Patterns of reported problems in women and men with back and neck pain

This study aimed to examine similarities and differences in problem areas reported by females and males who seek physiotherapy for back or neck pain. Principal component analysis (PCA) was used to analyse questionnaire data including demographics, pain, domestic work, stress, health status, physical disability, psychosocial and physical workload, kinesiophobia and self- efficacy. The majority of the questions were recruited from a number of scales, e.g. EuroQol (EQ-5D), Neck Disability Index (NDI), Oswestry Disability Questionnaire (ODQ), Tampa Scale for Kinesiophobia, and Functional-Efficacy-Scale. Results: A total of 118 patients (84 women, 34 men) completed the questionnaire. Men and women scored similarly on physical disability, functional self-efficacy and kinesiophobia, but women scored higher on stress reactions and pain intensity. PCA showed that questions about physical disability and functional self-efficacy comprised the first component and explained most of the variation in this patient group. Questions about stress and social support at work constituted the second component. Questions about domestic workload and pain comprised the third component. Gender differences were discovered in the second and third components.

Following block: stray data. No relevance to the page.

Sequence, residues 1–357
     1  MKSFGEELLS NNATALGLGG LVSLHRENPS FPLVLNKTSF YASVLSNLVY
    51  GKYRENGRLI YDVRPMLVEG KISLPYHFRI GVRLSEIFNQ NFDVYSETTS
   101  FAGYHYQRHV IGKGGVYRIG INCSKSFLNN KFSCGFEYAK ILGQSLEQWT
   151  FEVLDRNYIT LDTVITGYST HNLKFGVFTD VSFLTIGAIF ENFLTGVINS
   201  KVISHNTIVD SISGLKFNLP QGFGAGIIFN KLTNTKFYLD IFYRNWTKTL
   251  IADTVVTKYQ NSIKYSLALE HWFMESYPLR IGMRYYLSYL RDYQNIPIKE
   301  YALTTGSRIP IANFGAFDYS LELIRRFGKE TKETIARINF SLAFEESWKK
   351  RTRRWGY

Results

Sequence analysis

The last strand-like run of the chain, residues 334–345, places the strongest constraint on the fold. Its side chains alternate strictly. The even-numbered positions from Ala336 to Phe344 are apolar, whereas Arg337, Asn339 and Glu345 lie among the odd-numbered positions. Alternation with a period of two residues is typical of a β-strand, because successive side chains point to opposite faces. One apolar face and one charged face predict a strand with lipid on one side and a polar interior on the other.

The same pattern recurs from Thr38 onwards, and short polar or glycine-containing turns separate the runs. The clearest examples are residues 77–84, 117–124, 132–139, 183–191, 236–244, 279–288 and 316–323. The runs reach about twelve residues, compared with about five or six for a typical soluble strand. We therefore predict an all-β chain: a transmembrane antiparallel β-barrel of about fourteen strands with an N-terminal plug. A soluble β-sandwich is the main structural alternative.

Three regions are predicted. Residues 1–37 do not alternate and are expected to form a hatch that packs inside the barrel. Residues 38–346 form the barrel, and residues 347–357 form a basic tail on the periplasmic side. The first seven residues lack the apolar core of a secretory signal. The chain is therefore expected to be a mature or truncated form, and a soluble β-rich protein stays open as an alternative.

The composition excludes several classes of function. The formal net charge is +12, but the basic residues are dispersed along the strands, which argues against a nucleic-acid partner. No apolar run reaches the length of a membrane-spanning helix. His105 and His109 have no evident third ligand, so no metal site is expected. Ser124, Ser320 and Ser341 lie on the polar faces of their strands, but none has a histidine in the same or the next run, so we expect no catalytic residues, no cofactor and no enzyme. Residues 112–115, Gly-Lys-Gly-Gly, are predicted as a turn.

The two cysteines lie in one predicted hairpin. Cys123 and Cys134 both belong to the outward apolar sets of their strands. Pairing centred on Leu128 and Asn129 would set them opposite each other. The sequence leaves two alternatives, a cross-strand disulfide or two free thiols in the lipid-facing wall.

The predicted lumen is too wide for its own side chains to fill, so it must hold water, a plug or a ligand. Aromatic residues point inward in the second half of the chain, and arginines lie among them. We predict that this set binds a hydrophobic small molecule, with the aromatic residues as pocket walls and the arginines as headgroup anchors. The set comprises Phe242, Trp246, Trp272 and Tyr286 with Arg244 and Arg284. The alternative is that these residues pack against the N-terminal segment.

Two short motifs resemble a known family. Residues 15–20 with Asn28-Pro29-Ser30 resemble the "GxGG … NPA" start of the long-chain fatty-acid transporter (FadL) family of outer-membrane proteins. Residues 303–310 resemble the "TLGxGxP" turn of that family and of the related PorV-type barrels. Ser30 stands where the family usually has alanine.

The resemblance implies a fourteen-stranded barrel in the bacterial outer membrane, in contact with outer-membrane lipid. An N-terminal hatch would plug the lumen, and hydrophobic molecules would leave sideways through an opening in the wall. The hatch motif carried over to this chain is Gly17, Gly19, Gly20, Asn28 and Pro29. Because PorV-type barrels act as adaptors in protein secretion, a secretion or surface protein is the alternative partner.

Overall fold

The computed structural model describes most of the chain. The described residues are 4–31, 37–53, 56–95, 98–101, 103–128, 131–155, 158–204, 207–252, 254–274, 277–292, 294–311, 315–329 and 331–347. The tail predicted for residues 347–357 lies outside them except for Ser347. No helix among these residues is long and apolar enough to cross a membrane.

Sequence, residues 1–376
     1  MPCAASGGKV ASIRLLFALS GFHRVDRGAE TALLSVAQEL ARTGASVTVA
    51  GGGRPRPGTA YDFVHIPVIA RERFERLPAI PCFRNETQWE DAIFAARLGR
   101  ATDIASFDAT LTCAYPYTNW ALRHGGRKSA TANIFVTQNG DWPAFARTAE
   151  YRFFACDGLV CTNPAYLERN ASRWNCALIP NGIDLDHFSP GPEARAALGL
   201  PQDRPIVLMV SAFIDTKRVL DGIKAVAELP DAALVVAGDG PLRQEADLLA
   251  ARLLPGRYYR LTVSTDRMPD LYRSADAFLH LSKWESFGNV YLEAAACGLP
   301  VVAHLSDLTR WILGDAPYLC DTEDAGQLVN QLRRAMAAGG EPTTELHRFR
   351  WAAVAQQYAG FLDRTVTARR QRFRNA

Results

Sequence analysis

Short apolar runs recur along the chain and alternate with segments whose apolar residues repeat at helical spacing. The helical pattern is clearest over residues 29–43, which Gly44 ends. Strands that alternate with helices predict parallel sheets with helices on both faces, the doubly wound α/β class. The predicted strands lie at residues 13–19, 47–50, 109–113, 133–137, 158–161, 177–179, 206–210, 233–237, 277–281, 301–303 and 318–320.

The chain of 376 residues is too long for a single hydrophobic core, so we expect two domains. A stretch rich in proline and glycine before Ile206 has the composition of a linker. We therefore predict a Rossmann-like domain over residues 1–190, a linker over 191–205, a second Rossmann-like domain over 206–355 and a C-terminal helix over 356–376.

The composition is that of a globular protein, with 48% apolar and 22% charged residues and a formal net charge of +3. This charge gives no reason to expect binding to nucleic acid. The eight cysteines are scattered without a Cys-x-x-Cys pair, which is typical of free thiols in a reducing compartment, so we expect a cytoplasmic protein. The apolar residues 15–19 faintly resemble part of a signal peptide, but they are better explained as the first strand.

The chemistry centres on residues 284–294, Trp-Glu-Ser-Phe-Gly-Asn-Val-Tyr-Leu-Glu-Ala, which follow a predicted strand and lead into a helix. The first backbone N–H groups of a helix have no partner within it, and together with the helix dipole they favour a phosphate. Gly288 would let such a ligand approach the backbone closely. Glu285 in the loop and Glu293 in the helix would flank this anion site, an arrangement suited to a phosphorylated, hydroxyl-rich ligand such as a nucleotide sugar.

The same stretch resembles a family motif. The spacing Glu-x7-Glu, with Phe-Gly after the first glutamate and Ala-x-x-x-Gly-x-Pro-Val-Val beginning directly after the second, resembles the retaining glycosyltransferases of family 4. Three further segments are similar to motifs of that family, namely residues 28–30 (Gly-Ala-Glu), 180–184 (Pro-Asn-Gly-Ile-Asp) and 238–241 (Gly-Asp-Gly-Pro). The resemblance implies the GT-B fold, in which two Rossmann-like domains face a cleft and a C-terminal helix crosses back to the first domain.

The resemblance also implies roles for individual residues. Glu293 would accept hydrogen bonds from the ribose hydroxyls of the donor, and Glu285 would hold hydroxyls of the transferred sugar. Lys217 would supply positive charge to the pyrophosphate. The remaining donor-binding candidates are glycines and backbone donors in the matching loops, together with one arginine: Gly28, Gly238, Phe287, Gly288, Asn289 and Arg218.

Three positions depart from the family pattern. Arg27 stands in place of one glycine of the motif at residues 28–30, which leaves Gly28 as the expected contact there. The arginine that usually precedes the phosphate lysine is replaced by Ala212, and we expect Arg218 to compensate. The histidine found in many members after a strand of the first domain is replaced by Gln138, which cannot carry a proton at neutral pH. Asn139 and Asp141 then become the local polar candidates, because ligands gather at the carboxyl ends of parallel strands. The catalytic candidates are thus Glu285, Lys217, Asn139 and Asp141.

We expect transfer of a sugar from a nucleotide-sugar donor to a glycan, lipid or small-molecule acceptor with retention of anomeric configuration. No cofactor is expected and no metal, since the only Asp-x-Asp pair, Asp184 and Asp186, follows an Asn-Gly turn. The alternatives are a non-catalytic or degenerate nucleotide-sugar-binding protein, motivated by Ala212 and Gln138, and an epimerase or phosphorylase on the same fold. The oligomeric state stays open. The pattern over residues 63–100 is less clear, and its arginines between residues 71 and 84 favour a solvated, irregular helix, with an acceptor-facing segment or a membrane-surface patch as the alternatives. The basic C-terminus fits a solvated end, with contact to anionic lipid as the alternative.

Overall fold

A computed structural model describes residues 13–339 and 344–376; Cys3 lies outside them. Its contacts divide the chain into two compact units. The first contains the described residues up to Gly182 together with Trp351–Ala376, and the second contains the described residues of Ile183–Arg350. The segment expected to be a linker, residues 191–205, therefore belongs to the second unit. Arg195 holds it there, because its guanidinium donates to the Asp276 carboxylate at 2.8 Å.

Typically, women and men answered questions similarly, but there were differences: a greater number of women reported stress, pain and low support at work and a greater number of men reported a lower domestic workload.